“Give me six hours to chop down a tree, and I will spend the first four sharpening the axe.”
This quote, from an unknown source, perfectly summarises what we think about system design for your ducted air conditioning system.
While installation is undoubtedly an important part of the process, it’s the initial research we conduct and design we implement that is at the crux of your new system.
It dictates the size of the system you need, where the ducts will run, and how the grilles will be installed.
Confused? We’ll break it down!
Let’s look at the factors we analyse and the steps we take to design the perfect ducted air conditioning system for your home – and your family.
Why choose ducted reverse cycle heating and cooling for your home?
Before we get into the details, let’s look at some major factors why people choose ducted reverse cycle air conditioning:
- Ultra-quiet, whole-house heating and cooling
- Unmatched energy efficiency to keep your bills low
- Cost-effective solution that is affordable to run
- Flexible, adaptable systems designed to suit your family’s needs
- Clever zoning that gives you the ultimate control
- Designed to last up to 20 years (and adds great resale value to your home)
- Reverse cycle technology means you can keep your home warm or cool, no matter the season
What factors do we look at during ducted air con system design?
There are plenty of variables we need to analyse during system design, and each helps us create a tailored solution perfect to meet your needs.
Here are six of the most important factors we look at that helps us design your perfect ducted air conditioning solution.
1. Window orientation
Of course, we need to look at the way the sun moves around your home. Where does it face in the hottest time of the day, during the hottest part of summer?
How big are your windows? Do they effectively block out light, or are older windows a major factor in your warming home? They may bring light in, but alongside that, they’re also bringing in heat.
On the other hand, tinted windows are great, but unlike our cars, not many of us have them in our homes.
We have to carefully consider your home’s window layout and placement to determine how hot it might get due to large, open windows.
2. Room volume
It seems obvious enough: a large room will take longer to cool than a smaller one. Of course, that’s just one part of the equation.
We also look at ceiling height combined with windows, orientation, and insulation…
3. Building materials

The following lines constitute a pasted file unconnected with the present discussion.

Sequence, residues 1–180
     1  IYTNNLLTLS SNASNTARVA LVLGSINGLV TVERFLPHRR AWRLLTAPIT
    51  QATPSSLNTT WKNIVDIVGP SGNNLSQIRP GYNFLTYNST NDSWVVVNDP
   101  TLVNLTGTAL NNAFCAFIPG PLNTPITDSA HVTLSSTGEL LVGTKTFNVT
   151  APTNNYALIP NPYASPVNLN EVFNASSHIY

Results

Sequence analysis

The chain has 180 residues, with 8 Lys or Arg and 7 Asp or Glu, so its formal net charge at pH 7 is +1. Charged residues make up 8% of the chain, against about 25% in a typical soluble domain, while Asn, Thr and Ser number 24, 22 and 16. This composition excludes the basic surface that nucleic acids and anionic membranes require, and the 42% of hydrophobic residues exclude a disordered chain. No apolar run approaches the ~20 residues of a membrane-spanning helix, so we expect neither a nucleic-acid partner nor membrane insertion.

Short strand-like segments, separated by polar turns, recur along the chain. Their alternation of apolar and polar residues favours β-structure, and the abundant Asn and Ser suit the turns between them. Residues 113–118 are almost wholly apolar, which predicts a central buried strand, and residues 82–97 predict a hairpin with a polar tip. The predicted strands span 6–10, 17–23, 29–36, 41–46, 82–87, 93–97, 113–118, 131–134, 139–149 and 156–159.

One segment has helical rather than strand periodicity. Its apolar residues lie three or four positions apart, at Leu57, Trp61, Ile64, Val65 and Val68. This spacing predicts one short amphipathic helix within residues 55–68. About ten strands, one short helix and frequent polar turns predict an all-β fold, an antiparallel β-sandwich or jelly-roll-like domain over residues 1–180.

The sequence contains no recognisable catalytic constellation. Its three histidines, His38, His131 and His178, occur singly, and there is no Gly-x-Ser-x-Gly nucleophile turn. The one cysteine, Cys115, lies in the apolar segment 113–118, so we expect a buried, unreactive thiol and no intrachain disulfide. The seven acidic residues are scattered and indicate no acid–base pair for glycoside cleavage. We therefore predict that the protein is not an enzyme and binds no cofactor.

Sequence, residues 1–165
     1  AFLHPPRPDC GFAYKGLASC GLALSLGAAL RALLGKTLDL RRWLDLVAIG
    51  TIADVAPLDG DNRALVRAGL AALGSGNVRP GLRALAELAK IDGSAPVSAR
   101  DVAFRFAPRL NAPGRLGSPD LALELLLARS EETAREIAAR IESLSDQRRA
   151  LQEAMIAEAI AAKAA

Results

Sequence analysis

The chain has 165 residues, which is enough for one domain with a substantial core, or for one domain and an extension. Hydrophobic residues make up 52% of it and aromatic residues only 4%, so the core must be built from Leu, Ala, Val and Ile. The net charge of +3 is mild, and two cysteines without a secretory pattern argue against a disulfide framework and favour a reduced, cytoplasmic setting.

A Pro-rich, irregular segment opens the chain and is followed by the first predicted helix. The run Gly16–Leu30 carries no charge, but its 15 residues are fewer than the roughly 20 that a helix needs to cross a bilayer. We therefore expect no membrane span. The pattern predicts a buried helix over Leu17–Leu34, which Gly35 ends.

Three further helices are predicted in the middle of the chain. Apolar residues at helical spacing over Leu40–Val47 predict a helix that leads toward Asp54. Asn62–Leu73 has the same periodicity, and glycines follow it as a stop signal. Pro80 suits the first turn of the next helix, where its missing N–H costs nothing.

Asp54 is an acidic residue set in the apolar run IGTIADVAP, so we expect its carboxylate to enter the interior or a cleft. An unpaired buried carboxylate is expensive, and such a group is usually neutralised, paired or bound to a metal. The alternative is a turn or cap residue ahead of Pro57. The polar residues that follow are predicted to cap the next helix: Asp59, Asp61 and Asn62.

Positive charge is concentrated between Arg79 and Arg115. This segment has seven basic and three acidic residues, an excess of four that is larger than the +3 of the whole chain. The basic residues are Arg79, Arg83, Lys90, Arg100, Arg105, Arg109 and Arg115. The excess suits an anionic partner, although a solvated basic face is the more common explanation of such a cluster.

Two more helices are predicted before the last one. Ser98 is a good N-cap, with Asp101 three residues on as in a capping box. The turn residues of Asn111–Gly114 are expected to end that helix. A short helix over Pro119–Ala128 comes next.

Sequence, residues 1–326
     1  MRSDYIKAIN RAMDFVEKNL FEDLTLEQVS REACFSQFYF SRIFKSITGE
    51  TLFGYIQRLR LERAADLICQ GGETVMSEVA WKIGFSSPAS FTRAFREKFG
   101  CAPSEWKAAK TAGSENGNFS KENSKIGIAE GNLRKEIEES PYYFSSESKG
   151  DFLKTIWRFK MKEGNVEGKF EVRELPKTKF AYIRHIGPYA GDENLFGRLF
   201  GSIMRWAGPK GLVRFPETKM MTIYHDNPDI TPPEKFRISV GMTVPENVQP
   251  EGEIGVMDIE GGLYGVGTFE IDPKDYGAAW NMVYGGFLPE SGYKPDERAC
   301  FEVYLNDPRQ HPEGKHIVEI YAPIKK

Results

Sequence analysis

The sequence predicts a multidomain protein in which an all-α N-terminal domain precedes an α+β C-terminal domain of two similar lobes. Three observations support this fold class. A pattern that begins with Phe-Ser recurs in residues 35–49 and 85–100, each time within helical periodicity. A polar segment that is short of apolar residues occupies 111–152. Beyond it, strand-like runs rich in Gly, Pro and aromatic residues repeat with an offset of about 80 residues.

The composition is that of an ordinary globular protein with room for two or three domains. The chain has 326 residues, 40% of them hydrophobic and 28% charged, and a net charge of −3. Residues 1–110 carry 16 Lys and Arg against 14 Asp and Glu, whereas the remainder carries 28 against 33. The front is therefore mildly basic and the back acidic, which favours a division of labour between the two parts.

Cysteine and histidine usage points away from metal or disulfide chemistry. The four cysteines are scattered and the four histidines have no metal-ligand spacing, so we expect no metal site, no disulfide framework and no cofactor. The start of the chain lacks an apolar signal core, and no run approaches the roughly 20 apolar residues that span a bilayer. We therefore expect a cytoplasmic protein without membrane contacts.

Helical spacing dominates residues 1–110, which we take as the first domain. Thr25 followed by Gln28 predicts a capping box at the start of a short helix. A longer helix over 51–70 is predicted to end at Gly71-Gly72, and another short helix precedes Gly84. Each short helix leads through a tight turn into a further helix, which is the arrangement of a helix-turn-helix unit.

As touched on above, insulation and building materials also play an important factor in designing the right system for your home.
Materials with a higher thermal mass are more effective at trapping heat and releasing it slowly. These sorts of materials include solid brick, concrete, and stone.
A contrasting material would be brick veneer, which is usually a single, external layer of bricks that covers up a home’s timber framing.
Timber is notorious for heat absorption, so naturally it can lead to a warmer and more uncomfortable home during summer. As such, brick veneer homes tend to get warmer than solid brick.
4. Your home’s layout
We also need to look at your home’s floor plan. Is it open plan and single storey?
Or are your living quarters and sleeping quarters on separate floors?
Which rooms do you spend the most time in, and which are somewhat neglected most of the time?
Your home’s layout combined with your family’s lifestyle helps us understand the best way to strategise your system.
We can also introduce you to zoning. This clever technology allows you even greater control of your home’s heating and cooling, by stopping the flow of air to a certain room when it’s not in use.
No one working in the study? Turn its zone off, and redistribute air into the living room, where the family is currently watching a movie and mum and dad are cooking in the kitchen.
5. Size and capacity
Of course, one critical decision we must make is the Kw size of your new ducted air conditioning system.
It’s paramount we get this right from the start, as ducted systems are designed to last for up to 20 years (provided you choose a reputable brand, of course!)
Modifying the size later down the track is both a costly and difficult task.
What happens if you choose the wrong size system?
A system that is too large will…
- Use excessive and unnecessary power
- Cost you more to run
- Abruptly shut off when it reaches desired temperature
A system that is too small will…
- Provide inefficient heating and cooling
- Need to work harder to keep you cool or warm
- Possibly require more frequent repairs as its under more strain to perform
6. Finally, where will the ducts be installed?
Once we’ve looked at the details of your system ‘behind the scenes’, it’s time to see where the external unit will be located, where the ducts will run, and where the grilles will be placed.
Modern systems allow grilles to be placed in the floor, ceiling, or walls – depending on your needs (and your home’s ceiling space).
Need heating and cooling in Melbourne?
Find out if a ducted air conditioning system is right for you!
We hope that by now you understand that there’s certainly no one size fits all solution when it comes to your heating and cooling system.
There are plenty of factors that can influence the heating and cooling solution that’s right for you, and it’s only with strategic system design that we can reach that desired outcome!
Interested in learning more about ducted air conditioning? Click here to compare ducted with other types of systems.